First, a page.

This piece was published in the Pasadena Star-News on May 24, 2020.
The United States Postal Service is in trouble and the Trump administration looks like it wants to deliver the final blow to an institution that was created in our Constitution by none other than Benjamin Franklin, our first Postmaster General. People who voted for Trump say they wanted to disrupt the status quo but what we are getting instead is the destruction of the foundations of our democracy.
A mail carrier once told me that the Postal Service could be saved if they let them advertise. I thought it was a great idea. Mail trucks have lots of room for ads and they go up and down the streets in every town and city in the United States. It is a golden opportunity for advertisers.
Postage rates would go down, the pre-funding requirement for the pension would be covered, and delivery would stay at six days a week. Cities have advertising on their buses, inside and out, as well as their bus stops. Light rail and subways do the same. Schools, playgrounds and other city recreation sites have advertising all over the place: on the fences, the refreshment stands, in the parking lot, basically everywhere.
Using advertisements to supplement government income is as American as apple pie. So why not the U. S. Postal Service?
When I asked the mail carrier why this solution wasn’t adopted years ago, his answer didn’t surprise me. “Congress won’t let us,” he said. The Republican controlled Senate, the party of free enterprise, should get on board with this idea and let the Postal Service use advertising to help them stay in business. What is wrong with a can of Pepsi on a postage stamp? If it saves an American institution, so be it.
Imagine what United Parcel and Fed Ex will do when they see mail trucks driving down the street sporting a Nike icon or an ad for an upcoming movie. They will compete, as businesses do, and generate more advertising. Competition and capitalism, hand in hand.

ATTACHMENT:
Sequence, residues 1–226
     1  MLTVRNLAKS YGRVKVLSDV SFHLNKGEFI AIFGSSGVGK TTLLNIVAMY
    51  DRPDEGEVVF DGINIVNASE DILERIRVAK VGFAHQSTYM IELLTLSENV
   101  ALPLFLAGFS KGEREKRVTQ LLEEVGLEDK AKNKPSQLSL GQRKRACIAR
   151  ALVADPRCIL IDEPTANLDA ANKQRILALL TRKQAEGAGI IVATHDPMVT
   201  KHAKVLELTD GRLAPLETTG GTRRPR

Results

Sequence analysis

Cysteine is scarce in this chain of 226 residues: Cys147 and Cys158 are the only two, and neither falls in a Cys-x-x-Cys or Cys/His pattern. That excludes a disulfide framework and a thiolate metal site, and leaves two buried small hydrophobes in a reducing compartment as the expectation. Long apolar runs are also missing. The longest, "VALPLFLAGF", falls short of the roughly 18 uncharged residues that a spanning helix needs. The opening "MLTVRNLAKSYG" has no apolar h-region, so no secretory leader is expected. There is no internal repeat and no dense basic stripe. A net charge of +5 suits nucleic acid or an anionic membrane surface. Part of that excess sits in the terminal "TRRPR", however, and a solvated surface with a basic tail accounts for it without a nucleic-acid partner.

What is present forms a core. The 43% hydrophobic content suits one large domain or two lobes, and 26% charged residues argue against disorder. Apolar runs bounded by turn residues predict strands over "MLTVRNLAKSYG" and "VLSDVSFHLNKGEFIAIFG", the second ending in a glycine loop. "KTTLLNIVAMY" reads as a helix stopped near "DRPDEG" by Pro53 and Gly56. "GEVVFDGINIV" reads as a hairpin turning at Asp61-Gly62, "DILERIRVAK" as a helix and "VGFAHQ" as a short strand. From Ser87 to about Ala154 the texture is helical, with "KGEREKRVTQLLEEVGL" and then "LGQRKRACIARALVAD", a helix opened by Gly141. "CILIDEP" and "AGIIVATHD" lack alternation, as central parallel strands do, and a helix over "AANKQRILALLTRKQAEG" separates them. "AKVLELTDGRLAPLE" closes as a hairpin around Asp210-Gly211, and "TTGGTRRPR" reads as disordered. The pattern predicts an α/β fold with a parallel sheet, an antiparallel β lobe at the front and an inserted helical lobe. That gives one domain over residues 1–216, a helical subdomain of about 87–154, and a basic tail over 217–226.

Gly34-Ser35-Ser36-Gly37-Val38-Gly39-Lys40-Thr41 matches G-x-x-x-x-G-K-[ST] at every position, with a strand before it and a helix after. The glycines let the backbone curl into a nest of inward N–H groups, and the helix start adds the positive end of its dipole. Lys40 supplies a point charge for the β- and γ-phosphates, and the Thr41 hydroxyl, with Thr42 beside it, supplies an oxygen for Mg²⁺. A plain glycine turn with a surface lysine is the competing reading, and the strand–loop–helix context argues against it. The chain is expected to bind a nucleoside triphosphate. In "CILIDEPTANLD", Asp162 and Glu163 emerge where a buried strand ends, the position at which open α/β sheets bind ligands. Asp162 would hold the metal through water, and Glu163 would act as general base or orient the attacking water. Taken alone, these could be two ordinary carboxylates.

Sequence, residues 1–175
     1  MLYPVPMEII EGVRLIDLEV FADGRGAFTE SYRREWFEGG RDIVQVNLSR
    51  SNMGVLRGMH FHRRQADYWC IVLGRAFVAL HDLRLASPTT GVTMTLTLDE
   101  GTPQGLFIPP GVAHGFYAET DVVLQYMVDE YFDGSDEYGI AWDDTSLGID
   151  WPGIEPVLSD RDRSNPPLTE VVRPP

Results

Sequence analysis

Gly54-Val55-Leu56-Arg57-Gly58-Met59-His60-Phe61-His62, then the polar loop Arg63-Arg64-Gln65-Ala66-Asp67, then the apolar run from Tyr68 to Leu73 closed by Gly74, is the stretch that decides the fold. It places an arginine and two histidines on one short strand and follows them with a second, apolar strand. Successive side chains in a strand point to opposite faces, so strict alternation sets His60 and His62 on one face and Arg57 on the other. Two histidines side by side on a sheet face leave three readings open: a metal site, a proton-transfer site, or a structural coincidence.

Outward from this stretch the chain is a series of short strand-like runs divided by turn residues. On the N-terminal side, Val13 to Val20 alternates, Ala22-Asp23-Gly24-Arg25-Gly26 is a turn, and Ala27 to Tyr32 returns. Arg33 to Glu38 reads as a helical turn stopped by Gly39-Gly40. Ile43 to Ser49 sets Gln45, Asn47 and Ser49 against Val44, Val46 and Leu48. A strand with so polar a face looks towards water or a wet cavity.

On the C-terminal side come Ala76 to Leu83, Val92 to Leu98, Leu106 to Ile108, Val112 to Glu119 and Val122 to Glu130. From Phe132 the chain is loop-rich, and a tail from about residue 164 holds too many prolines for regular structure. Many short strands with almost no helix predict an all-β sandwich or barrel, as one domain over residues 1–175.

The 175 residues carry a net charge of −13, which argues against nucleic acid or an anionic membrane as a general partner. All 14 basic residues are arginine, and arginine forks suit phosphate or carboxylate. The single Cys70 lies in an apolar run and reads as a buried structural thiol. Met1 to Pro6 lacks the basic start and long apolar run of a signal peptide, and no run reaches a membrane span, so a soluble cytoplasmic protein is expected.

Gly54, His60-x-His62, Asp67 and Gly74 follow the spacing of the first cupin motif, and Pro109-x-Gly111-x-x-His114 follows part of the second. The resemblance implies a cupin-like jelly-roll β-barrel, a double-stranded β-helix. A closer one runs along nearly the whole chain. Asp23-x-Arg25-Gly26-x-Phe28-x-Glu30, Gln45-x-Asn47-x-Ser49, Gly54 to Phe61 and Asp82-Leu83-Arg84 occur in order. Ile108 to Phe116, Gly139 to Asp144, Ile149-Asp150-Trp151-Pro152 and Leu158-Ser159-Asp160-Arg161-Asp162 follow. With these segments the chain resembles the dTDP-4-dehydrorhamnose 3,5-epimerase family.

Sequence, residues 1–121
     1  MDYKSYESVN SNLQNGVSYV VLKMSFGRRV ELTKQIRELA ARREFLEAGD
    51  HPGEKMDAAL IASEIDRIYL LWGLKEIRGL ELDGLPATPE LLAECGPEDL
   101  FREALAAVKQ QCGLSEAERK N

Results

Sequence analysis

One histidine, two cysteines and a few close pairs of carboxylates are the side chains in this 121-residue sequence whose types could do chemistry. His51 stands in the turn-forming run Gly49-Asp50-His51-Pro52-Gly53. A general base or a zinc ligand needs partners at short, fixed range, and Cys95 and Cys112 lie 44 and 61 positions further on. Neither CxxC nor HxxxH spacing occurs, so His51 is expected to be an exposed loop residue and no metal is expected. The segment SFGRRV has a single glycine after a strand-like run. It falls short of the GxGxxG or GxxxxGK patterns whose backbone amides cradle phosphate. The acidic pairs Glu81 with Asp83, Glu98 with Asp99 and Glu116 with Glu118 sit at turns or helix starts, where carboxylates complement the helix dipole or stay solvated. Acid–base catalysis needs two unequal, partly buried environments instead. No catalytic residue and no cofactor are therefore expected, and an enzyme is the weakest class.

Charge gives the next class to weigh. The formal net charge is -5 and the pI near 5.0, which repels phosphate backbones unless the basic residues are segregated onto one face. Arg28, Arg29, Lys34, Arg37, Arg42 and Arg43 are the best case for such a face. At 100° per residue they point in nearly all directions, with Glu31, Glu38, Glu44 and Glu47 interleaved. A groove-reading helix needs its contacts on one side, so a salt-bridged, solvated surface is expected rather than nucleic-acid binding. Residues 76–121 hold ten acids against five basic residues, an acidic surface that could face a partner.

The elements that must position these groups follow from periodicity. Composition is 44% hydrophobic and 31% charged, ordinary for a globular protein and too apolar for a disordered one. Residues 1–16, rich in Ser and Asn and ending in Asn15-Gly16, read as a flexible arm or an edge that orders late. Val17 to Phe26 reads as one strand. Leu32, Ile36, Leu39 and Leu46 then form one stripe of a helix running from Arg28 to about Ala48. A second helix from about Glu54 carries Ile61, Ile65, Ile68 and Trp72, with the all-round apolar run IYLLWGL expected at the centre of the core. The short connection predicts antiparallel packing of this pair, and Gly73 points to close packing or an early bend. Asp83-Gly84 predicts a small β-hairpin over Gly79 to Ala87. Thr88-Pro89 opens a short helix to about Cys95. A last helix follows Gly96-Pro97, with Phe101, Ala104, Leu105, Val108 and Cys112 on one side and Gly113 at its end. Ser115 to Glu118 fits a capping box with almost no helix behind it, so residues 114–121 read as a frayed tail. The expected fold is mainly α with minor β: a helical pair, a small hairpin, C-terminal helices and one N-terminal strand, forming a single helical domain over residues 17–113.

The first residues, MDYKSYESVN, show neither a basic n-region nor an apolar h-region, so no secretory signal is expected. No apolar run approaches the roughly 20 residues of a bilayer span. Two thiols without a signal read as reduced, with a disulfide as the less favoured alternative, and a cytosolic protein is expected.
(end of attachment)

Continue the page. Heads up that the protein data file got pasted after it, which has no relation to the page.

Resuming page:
The mail carrier recalled his frustration with good ideas that no one explored in his 42 years on the job. Every American who has stood in a long line at the Post Office with one window open, and the other four or five stations closed, have been annoyed. The Postal Service has a reputation of being staffed with “lifers” who seem apathetic. Maybe that attitude comes from government oversight that squashes innovation and change. I don’t know if that is true, but it is another way of looking at it.
Email has cut into the Postal Service’s business for many years and social media will someday make practically all communication electronically transmitted. But having a local Post Office is still important. Not everyone pays their bills online or want to send sensitive financial documents electronically, and many don’t consider an email thank you-note sufficient.
People complain about junk mail and I get my share, but I also have a spam folder in my email account and it is routinely full of some very shady junk. More importantly, Americans need the Postal Service to deliver packages that are purchased from online companies. Practically all of us have ordered an item or ten to be delivered to our door, especially now with the COVID-19 pandemic.
There is no logical reason why Congress can’t allow the U. S. Postal Service to start advertising. Perhaps the Post Office will open a few more of those windows that seem to be perpetually closed, staffed by a cheerful clerk who will sell you a roll of stamps with a tiny ad on them.
Congress – do your job and save the U. S. Postal Service.
Kathleen Vallee Stein